(Co-sponsored event with NYU Elmer Holmes Bobst Library)
The archive has been the subject of much scholarship, being variously defined as a collection of papers, personal or state-sponsored or some combination of the two, that forms the foundation of historical narratives. This presentation will explore one particular recent archive, an ongoing multilingual collection of papers of the Bombay poets which resides now at Cornell University. Crossing the divide between personal and the institutional, this archive contains a unique set of documentary materials that uncovers a different aspect of the city in post-independence Bombay. What is in this archive? How did it begin? What is its relationship to ideas of the institution as well as those of resistance and rebellion? These are some of the questions that will be addressed as the presentation grapples with the conflicts of location and access, the canonical impulse and the presence and absence of gendered perspectives.
The discussion will be moderated by Rajeswari Sunder Rajan (NYU Arts and Science).
Anjali Nerlekar is Associate Professor in the Department of African, Middle Eastern and South Asian Languages and Literatures (AMESALL), and Graduate Program Director in Comparative Literature at Rutgers University. Her research interests span global modernisms, Indian print cultures, Marathi literature, Indo-Caribbean literature, spatial and cartographic studies of the city, and translation studies. She is the author of Bombay Modern: Arun Kolatkar and Bilingual Literary Culture (2016) and has also co-edited the special double issue of Journal of Postcolonial Writing (53.1/2, 2017) on “The Worlds of Bombay Poetry.” In collaboration with Dr. Bronwen Bledsoe of Cornell University, she has created an ongoing collection of documents related to English and Marathi Bombay poetry titled “The Bombay Poets’ Archive.”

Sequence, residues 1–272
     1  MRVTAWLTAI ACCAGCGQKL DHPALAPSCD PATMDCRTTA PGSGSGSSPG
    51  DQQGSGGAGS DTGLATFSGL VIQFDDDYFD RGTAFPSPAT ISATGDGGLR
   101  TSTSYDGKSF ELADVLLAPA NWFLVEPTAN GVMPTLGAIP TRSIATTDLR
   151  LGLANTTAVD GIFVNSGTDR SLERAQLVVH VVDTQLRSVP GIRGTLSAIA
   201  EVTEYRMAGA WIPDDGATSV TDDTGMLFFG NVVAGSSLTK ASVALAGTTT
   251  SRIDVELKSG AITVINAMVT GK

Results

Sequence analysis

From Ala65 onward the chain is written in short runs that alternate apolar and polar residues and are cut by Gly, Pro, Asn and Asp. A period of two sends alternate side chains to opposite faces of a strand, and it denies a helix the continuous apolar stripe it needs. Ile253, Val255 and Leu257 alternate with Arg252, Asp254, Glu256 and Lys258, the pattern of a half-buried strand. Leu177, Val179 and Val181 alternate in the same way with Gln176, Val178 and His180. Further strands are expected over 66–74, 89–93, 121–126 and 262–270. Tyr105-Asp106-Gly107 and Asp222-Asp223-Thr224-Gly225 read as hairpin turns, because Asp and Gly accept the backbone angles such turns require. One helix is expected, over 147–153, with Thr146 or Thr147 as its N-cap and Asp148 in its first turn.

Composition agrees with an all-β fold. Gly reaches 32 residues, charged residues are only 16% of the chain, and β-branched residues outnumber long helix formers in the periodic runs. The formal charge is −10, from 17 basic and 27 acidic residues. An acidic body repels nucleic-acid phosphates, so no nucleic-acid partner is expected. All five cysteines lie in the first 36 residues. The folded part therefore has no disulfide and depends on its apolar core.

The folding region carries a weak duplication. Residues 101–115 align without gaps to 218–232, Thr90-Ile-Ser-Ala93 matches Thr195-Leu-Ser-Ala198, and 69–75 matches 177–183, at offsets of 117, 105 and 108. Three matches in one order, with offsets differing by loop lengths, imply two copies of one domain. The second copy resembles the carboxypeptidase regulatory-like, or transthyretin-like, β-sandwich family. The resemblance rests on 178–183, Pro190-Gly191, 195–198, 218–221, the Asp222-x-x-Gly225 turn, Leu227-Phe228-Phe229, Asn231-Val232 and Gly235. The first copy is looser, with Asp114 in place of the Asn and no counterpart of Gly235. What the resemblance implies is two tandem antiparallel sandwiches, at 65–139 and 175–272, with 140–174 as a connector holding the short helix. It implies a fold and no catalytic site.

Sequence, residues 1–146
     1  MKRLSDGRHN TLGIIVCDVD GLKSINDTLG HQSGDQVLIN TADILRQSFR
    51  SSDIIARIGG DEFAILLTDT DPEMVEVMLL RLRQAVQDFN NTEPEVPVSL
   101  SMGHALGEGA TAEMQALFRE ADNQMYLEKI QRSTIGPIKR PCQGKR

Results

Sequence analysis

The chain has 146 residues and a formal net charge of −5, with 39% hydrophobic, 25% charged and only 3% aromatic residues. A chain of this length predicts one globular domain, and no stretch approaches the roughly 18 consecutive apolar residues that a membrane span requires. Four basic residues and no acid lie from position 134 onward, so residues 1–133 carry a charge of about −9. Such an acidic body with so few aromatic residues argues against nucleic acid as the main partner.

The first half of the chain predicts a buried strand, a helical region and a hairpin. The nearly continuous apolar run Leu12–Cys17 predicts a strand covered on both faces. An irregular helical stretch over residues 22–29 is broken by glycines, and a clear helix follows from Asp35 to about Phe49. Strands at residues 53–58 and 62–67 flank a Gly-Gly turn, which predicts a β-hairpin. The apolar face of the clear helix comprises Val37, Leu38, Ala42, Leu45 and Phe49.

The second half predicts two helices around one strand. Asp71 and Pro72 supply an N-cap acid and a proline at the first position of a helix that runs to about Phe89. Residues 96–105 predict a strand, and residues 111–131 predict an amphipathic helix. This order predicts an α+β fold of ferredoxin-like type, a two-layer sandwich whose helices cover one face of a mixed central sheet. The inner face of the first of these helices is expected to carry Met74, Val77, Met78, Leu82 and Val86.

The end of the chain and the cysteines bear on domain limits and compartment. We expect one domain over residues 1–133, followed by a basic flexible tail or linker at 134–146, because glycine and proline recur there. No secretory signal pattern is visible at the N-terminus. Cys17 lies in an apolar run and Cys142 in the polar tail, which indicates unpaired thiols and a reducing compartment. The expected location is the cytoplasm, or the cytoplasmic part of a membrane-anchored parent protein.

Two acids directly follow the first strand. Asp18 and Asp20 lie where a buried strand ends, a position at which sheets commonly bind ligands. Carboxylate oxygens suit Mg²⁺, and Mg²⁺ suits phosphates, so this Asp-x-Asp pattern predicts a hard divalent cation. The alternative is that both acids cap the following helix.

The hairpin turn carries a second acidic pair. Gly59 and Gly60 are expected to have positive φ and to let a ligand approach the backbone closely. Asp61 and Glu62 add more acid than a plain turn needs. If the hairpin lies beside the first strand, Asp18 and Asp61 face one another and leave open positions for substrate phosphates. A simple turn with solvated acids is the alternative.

Rajeswari Sunder Rajan is a Global Distinguished Scholar of English. She was educated in Bombay and Washington DC. She taught for many years in India before moving to the U.K. where she was Professorial Fellow at Wolfson College and Reader in the English faculty at the University of Oxford. Dr. Sunder Rajan has been a Senior Fellow at the Nehru Memorial Museum and Library and at the Centre for Women’s Development Studies, New Delhi; in 2001 she was a Shansi Visiting Professor at Oberlin College, Ohio. Dr. Sunder Rajan’s work spans debates about the relationship between gender, postcolonialism and culture in India, and addresses issues relating to law, religion, and secularism in the postcolonial nation. Additionally, she works on British nineteenth-century literature and Anglophone postcolonial literature. Sunder Rajan was one of the founding editors of the postcolonial studies journal Interventions, published by Routledge. She is currently setting up a research project on Postcolonial Print Cultures with Dr. Neelam Srivatsava at Newcastle University (UK) that will bring together scholars from both institutions, along with other scholars from India, the UK, and the USA, to collaborate in a series of workshops to map this new and rapidly growing field of research in postcolonial studies.